Process variation may be caused by the optical proximity effect, which occurs during optical lithography and results in systematic line width variations across the chip. Process variation may also be caused by aberrations in the optical system of the wafer stepper. Process variation also has two main effects: variation in the effective gate length, and variations in wire resistivity and geometry. These effects thereby result in changes in the speed of a signal path. Regarding voltage variation across a chip surface, static voltage drop (IR drop) is commonly modeled in the industry, for example, using a software program known as Astro-Rail™, commercially available from Synopsis, Inc., California, USA. However, voltage and process variation are complex, and remain a domain for specialists in the integrated circuit industry. See, for example, D. Chinnery et al., “Closing the Gap between ASIC and Custom,” Kluwer, 2002. Furthermore, real data about the size of PVT factors is often proprietary, hard to come by, or both.
  • [0007]
    Commonly, in order to determine an OCV factor for each signal path, the timing analysis tool is run at a single worst case PVT point. However, due to the fact that PVT factors vary across the integrated circuit device, using an OCV factor computed from a single PVT point is unduly pessimistic, and can significantly increase project time, and thus development costs. Much of the delay resulting in OCV depends on the distances between the cells involved; for example, there is less of a delay if the cells are close together, more if they are far apart. Assuming a worst case variation of PVT factors for purposes of fabrication, as described above, may lead to signal path delays large enough to seriously disrupt an ASIC project schedule.
  • [0008]
    Thus, a need exists for improved techniques for determining an OCV factor that takes into account the effects of varying PVT factors across the surface of the integrated circuit device.
  • SUMMARY OF THE INVENTION
  • [0009]
    The present invention provides a location-based on-chip variation factor determination technique for integrated circuits having multiple signal paths. As chips get larger, OCV becomes more significant. A location-based on-chip variation factor provides a more accurate OCV analysis by combining timing path delays with physical cell locations on the integrated circuit device, to help designers improve OCV factor determination.
  • [0010]
    In accordance with one aspect of the invention, a method for determining a location-based on-chip variation factor for an integrated circuit device is provided. A first on-chip variation factor is computed for at least one of two or more signal paths of the integrated circuit device. The first on-chip variation factor is a function of a timing delay. A second on-chip variation factor is also computed for the integrated circuit device. The second on-chip variation factor is a function of a physical layout of the integrated circuit device. The first on-chip variation factor and the second on-chip variation factor are combined for the at least one of the two or more signal paths to determine a location-based on-chip variation factor for the at least one of the two or more signal paths.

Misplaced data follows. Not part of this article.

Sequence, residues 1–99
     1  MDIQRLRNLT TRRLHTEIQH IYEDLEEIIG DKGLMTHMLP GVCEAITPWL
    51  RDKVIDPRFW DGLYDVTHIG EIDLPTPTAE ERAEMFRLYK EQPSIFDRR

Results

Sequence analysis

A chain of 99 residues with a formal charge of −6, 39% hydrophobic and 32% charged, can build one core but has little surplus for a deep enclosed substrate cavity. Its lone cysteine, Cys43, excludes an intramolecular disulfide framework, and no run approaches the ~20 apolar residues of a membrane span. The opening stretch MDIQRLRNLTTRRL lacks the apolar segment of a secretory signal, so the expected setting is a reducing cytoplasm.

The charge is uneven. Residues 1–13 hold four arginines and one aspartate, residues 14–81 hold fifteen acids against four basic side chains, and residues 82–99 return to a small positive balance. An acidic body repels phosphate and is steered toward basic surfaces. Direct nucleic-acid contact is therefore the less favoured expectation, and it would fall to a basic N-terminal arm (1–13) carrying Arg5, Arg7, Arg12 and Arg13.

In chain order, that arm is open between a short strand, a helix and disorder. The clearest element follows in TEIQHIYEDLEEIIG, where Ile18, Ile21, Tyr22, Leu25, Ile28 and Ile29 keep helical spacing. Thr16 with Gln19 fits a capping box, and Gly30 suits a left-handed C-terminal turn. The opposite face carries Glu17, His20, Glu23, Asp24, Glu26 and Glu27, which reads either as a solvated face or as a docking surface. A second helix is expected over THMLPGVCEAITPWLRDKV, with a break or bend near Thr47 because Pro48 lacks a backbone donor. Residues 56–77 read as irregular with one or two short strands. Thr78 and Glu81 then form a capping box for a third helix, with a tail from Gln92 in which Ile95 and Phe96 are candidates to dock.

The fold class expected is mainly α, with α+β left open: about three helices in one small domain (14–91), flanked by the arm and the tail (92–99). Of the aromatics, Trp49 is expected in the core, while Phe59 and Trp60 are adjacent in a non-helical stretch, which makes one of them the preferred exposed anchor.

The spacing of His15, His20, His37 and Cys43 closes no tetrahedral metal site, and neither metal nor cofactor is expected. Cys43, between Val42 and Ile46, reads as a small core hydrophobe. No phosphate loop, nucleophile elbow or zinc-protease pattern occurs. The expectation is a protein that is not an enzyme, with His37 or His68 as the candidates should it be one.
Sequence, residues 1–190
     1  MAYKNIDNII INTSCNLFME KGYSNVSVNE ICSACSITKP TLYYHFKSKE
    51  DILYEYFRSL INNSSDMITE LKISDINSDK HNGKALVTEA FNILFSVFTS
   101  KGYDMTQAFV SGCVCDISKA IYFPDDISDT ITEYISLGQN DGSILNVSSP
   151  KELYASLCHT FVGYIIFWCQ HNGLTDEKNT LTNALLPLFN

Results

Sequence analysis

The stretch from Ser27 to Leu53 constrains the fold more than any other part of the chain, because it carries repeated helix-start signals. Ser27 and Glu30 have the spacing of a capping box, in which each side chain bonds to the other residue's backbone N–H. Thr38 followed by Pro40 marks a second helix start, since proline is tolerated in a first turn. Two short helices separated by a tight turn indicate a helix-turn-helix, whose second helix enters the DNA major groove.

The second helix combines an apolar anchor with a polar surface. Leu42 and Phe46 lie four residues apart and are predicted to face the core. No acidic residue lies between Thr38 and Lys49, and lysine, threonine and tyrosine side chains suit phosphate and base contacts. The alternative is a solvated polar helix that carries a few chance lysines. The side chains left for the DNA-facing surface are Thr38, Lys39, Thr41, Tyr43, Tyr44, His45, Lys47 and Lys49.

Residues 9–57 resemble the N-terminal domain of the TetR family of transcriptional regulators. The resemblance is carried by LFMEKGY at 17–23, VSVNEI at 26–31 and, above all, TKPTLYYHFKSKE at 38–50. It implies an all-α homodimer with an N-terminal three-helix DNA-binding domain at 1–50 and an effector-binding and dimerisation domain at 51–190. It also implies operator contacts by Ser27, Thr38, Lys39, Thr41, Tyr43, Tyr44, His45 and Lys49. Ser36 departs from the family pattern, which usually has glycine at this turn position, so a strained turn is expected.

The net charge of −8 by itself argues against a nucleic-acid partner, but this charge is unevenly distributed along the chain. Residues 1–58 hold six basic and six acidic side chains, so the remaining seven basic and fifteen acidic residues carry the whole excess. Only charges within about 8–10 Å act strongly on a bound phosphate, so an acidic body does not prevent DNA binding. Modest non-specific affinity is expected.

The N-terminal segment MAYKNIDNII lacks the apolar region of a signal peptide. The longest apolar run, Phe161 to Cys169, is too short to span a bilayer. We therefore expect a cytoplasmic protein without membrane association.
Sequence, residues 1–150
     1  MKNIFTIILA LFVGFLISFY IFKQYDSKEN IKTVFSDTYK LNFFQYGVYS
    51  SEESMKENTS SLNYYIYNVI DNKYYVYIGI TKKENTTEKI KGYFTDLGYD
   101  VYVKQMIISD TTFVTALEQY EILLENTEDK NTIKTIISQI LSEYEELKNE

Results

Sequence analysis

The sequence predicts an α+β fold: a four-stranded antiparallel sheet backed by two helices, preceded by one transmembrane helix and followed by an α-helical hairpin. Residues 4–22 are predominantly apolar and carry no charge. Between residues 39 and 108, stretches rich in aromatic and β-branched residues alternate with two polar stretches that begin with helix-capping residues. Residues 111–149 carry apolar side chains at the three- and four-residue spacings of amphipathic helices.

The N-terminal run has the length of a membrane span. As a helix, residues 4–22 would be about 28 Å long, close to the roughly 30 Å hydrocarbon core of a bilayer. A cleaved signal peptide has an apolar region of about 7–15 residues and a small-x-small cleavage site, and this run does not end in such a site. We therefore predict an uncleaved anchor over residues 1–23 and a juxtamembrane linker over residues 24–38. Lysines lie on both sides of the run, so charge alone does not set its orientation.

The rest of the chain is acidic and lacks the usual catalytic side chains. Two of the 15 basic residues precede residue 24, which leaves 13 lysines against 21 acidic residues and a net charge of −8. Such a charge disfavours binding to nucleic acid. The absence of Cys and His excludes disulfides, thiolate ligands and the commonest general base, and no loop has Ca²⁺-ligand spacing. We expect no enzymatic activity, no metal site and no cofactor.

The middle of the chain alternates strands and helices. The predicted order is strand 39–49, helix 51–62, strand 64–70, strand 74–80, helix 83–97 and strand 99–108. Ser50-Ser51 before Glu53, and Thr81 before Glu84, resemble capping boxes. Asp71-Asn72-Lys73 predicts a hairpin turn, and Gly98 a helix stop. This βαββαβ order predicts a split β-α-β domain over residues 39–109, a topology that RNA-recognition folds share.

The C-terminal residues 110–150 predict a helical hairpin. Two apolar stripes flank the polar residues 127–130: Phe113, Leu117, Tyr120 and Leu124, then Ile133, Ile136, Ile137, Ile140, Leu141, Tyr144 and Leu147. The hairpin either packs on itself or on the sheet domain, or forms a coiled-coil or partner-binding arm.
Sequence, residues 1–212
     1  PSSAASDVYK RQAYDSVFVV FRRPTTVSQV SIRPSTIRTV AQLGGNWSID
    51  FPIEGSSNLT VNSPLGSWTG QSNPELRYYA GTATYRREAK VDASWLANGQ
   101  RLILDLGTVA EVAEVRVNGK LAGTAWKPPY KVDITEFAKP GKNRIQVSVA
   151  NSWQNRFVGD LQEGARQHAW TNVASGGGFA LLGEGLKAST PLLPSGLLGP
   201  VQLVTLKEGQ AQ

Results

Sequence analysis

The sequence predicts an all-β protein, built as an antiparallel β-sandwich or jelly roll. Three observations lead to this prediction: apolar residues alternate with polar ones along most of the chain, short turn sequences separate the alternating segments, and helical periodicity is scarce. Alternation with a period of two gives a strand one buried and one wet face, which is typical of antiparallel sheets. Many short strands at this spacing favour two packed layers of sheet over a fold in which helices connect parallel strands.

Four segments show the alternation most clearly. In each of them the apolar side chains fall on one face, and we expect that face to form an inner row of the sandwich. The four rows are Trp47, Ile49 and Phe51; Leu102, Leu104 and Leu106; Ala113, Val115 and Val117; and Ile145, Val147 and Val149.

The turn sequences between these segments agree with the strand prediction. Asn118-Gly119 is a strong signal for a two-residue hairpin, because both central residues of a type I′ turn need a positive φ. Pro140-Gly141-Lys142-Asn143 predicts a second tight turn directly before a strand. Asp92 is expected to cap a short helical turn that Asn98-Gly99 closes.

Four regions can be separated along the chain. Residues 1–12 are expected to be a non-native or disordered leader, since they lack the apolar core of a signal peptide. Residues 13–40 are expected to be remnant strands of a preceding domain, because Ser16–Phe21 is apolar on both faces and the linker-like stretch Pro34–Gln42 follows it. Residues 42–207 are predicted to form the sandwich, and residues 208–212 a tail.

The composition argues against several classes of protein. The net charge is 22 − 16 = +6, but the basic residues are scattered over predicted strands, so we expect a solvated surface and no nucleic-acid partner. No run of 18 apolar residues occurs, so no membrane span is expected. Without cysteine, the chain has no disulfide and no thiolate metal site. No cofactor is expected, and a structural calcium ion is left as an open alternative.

• [0011]
    Additionally, in accordance with the embodiments of the present invention, the first on-chip variation factor is computed by determining a timing path delay for at least one of the two or more signal paths using a timing analysis tool. The second on-chip variation factor is computed by determining a physical layout of the two or more signal paths in the integrated circuit device. A box is defined that bounds the two or more signal paths in the physical layout. A length of a diagonal of the box is determined and used to compute the second on-chip variation factor by multiplying a defined PVT variation across the surface of the integrated circuit device by the length of the diagonal.
  • [0012]
    These and other objects, features, and advantages of the present invention will become apparent from the following detailed description of the illustrative embodiments thereof, which is to be read in connection with the accompanying drawings.
  • BRIEF DESCRIPTION OF THE DRAWINGS
  • [0013]
    FIG. 1 is a block diagram illustrating location-based on-chip variation factor determination, according to an embodiment of the present invention;
  • [0014]
    FIG. 2 is a circuit diagram illustrating an integrated circuit device having two signal paths for use in obtaining a timing report, according to an embodiment of the present invention;
  • [0015]
    FIG. 3 is a circuit diagram illustrating a bounding box around a physical layout of two signal paths of an integrated circuit device, according to an embodiment of the present invention;
  • [0016]
    FIG. 4 is a flow diagram illustrating a location-based on-chip variation factor determination methodology, according to an embodiment of the present invention; and
  • [0017]
    FIG. 5 is a block diagram of an illustrative hardware implementation of a computing system in accordance with which one or more components/methodologies of the invention may be implemented.
  • DETAILED DESCRIPTION
  • [0018]
    OCV in timing analysis is used to model physical variation in integrated circuits through the use of a factor that penalizes the delay of a path when compared to another path. As will be described in detail below, the embodiments of the present invention incorporate the relative physical location of the elements included in the analysis into the determination of the OCV factor. In this manner, the OCV penalty may be lower for paths within a smaller area on the integrated circuit device.